I’m one of Ali’s uncles. At some point in time, when Ali was at Mills, shooting out the lights, I heard she was thinking about law school. Because I’m a lawyer, I thought that was pretty cool.
Sometime thereafter, I called my dear sister Annie at Sea Ranch. Ali answered the phone. We were happy to find each other on the other end of the line, for we didn’t talk all that often. Very directly, she asked me if I enjoyed being a lawyer. After I said yes, she asked me why. I gave my explanation, and she subjected it to a withering cross-examination. Damn!, I thought. She’s not only going to be a fine lawyer, she’s going to be a famous judge. She was then but a junior in college, yet I was already beginning to worry about having to appear in her court.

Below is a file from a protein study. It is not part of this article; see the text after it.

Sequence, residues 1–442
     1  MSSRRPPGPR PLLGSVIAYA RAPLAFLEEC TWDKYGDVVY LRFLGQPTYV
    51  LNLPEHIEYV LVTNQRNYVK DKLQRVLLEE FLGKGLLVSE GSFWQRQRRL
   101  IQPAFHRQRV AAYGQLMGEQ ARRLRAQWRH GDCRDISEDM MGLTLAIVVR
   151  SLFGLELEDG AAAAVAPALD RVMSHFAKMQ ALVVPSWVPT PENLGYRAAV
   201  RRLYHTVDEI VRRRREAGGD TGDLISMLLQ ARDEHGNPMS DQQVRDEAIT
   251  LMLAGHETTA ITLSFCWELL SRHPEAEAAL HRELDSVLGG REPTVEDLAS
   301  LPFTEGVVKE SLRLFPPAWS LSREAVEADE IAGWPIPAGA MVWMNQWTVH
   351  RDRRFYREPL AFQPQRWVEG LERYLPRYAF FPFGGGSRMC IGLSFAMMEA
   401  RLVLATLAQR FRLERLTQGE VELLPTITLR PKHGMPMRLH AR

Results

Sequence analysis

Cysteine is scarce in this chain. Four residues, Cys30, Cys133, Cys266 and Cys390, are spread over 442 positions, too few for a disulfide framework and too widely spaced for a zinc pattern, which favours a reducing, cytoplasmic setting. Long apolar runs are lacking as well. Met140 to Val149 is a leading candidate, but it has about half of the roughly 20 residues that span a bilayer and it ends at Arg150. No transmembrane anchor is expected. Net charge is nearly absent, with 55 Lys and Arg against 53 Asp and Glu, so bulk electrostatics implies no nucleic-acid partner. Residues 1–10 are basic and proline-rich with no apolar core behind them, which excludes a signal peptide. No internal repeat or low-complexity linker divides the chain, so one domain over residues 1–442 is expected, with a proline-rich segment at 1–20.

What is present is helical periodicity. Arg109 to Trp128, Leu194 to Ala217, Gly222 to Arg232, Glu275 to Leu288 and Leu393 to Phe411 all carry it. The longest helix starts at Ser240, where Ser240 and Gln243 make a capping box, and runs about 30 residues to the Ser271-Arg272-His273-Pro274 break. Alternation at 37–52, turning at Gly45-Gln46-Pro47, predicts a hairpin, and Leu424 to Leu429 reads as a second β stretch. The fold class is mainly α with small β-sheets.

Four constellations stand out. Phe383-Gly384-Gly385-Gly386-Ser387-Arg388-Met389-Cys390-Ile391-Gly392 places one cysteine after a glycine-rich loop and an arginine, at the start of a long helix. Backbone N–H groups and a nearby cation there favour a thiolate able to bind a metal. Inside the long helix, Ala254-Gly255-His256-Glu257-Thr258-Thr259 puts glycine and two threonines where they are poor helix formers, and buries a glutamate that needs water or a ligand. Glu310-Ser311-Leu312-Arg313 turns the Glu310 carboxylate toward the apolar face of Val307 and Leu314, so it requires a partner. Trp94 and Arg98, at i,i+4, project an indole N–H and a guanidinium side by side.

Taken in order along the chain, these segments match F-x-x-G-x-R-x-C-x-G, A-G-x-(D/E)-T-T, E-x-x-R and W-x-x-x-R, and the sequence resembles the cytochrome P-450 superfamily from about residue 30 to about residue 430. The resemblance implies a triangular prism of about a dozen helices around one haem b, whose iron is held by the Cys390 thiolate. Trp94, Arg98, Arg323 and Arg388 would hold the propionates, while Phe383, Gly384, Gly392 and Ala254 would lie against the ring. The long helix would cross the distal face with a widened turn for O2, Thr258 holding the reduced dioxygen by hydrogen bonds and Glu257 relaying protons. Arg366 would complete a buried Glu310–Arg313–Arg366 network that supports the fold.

Sometime after that she told me she thought it was great that I enjoyed being a lawyer.
Ali would have been a fine lawyer. But instead, she followed her spirit and passion for dressage, tall ships, the marlinspike, teaching and the sea. She did not dabble in any of these things; she excelled at all of them. And for that I admire her greatly.
On a very deep level, Ali became the family’s muse for independence and determination. And for that (and much more, of course) we’ll all miss her very, very much.